Letter from Dr. Alfred E. Stearns to K.Y. Tu, March 24, 1927


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Letter from Dr. Alfred E. Stearns to K.Y. Tu, March 24, 1927


Letter from Dr. Alfred E. Stearns to K.Y. Tu, March 24, 1927


Typed letter sent from Dr. Alfred E. Stearns to K.Y. Tu. States Philadelphia is the best choice for Tu's vacation. Explains previous wards had chosen to stay at the college or town to save expenses or focus on studies. Explains this is why Tu's vacations make Stearns apprehensive. Enclosed check for vacation. Emphasized the importance of keeping expenses low. States current events in China makes future funds uncertain. Asks for detailed account of expenditures.


March 24, 1927
Mr. K.Y.Tu
Genesee Wesleyan Seminary

My dear Tu:

I have your letter of March 22. Apparently Philadelphia offers you your best chance if, as you intimate, you are bound to go to some big city for your vacation. Of the scores of Chinese boys who have been under my charge in recent years, a large number have regularly stayed through the vacation periods in their school or college towns, both to save expense and to do further work on their studies. So far as I can recall, I have never received from you any intimation that such a desirable course was to be even considered. That is the chief reason I am always disturbed when your vacation periods come around.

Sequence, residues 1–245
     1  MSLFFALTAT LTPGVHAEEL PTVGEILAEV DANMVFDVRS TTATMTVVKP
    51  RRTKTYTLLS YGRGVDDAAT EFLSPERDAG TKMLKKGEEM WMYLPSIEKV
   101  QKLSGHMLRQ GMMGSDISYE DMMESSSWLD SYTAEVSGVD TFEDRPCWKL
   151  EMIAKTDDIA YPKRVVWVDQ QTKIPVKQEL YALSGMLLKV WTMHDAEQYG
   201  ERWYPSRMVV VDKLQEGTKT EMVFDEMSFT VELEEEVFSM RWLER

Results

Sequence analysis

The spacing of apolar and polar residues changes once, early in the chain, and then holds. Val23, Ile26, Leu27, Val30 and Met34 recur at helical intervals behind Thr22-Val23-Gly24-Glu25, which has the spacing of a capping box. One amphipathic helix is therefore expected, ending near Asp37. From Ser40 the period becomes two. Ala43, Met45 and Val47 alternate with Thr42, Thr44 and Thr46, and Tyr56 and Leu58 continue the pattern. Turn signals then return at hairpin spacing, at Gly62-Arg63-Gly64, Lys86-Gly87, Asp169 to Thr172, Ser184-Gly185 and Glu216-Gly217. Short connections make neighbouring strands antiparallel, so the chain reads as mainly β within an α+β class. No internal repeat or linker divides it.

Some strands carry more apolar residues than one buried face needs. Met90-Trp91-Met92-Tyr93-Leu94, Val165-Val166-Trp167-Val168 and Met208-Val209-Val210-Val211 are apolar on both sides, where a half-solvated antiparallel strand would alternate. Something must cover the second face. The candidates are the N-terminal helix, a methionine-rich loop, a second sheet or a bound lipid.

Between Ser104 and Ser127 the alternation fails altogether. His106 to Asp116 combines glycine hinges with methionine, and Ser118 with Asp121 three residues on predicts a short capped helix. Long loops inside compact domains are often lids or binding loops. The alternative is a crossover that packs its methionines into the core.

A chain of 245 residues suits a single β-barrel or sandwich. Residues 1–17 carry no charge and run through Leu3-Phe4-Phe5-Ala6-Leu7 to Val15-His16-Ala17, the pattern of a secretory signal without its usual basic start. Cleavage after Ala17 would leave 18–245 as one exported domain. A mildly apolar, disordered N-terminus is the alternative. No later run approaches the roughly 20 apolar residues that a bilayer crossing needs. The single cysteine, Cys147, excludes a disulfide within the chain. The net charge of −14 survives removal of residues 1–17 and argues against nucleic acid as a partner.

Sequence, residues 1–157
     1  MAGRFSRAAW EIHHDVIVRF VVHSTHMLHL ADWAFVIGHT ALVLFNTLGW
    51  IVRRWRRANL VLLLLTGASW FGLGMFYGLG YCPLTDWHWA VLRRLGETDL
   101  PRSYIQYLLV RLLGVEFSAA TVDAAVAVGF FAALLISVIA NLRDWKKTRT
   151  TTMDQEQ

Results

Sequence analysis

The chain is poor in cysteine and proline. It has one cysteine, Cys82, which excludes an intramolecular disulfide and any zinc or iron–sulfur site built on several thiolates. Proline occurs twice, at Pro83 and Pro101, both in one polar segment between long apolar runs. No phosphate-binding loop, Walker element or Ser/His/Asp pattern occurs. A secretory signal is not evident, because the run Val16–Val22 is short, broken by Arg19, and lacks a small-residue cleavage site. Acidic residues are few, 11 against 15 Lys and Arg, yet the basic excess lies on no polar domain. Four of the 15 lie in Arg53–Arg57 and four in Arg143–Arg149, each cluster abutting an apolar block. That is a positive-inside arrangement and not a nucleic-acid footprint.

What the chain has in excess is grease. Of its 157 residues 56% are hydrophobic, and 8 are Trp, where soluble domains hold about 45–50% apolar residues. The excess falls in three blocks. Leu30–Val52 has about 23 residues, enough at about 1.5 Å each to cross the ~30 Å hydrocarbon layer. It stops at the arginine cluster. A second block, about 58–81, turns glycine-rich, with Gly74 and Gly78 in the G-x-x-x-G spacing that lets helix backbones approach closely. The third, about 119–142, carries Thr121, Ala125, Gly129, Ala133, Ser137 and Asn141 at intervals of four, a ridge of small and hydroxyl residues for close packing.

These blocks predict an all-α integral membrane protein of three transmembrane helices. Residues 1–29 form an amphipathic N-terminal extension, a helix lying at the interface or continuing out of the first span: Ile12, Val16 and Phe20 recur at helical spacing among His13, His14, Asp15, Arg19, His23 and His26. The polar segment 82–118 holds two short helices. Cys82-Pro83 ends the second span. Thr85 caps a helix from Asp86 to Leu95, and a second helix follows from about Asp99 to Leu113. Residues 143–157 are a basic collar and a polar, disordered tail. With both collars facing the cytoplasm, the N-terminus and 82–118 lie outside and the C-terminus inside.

As it is impossible for me to argue this with you at this long distance, I am sending you, though very reluctantly, the necessary funds to cover the vacation expense. I can’t refrain from emphasizing again, however, the tremendous importance of keeping your expenses to the lowest possible limit, and largely because of the terribly upset conditions in China today and the naturally uncertain status of your father’s affairs. Of course if the funds from China cease coming for the above reasons, it will be necessary for you to give up your schooling entirely and go to work to earn money, if any work can be found. That is why I am more distressed than you can imagine to have you draw on your present limited balance to any extent beyond that which absolute necessity demands.

If you do use the money in the way intimated, be sure to send me a detailed account of all expenditures.

Sincerely yours,


Dr. Alfred E. Stearns


Phillips Academy


March 24, 1927


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